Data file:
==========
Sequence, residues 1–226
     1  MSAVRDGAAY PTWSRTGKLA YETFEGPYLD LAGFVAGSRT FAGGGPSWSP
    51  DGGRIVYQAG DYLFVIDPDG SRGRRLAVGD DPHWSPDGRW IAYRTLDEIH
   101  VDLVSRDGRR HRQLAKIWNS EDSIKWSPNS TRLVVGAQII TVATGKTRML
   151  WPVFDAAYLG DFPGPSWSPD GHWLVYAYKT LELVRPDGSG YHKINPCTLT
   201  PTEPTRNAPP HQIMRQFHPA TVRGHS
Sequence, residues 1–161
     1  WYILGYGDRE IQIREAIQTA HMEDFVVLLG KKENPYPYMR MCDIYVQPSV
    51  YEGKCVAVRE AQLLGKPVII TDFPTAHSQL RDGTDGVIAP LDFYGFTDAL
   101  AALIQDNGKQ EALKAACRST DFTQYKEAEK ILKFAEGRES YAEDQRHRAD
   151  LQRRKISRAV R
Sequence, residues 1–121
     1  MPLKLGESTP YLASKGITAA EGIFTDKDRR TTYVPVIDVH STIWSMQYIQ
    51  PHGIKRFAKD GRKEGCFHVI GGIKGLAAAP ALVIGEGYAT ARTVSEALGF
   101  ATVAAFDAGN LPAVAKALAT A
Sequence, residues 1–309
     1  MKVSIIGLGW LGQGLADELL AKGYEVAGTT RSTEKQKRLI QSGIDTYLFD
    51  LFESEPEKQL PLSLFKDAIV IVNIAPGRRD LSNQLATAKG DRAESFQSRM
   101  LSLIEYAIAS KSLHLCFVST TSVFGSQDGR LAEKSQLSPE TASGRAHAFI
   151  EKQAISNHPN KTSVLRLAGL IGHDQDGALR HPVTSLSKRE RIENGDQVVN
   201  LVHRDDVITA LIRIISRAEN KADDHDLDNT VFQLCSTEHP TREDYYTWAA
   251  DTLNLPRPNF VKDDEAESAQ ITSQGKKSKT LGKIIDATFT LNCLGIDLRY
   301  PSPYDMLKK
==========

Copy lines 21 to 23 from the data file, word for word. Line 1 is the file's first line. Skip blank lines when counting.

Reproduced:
   201  LVHRDDVITA LIRIISRAEN KADDHDLDNT VFQLCSTEHP TREDYYTWAA
   251  DTLNLPRPNF VKDDEAESAQ ITSQGKKSKT LGKIIDATFT LNCLGIDLRY
   301  PSPYDMLKK